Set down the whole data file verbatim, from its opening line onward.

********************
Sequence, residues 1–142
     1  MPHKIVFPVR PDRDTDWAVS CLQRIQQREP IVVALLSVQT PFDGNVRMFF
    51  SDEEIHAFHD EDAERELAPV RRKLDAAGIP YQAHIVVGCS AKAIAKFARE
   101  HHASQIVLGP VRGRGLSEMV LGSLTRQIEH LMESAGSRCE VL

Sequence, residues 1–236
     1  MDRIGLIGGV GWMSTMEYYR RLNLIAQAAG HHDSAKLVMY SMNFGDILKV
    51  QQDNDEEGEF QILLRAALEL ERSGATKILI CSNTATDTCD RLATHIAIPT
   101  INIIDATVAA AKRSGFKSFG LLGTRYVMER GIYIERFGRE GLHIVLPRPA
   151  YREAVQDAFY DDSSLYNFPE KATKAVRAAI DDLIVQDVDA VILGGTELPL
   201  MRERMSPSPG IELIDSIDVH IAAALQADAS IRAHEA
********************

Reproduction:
Sequence, residues 1–142
     1  MPHKIVFPVR PDRDTDWAVS CLQRIQQREP IVVALLSVQT PFDGNVRMFF
    51  SDEEIHAFHD EDAERELAPV RRKLDAAGIP YQAHIVVGCS AKAIAKFARE
   101  HHASQIVLGP VRGRGLSEMV LGSLTRQIEH LMESAGSRCE VL

Sequence, residues 1–236
     1  MDRIGLIGGV GWMSTMEYYR RLNLIAQAAG HHDSAKLVMY SMNFGDILKV
    51  QQDNDEEGEF QILLRAALEL ERSGATKILI CSNTATDTCD RLATHIAIPT
   101  INIIDATVAA AKRSGFKSFG LLGTRYVMER GIYIERFGRE GLHIVLPRPA
   151  YREAVQDAFY DDSSLYNFPE KATKAVRAAI DDLIVQDVDA VILGGTELPL
   201  MRERMSPSPG IELIDSIDVH IAAALQADAS IRAHEA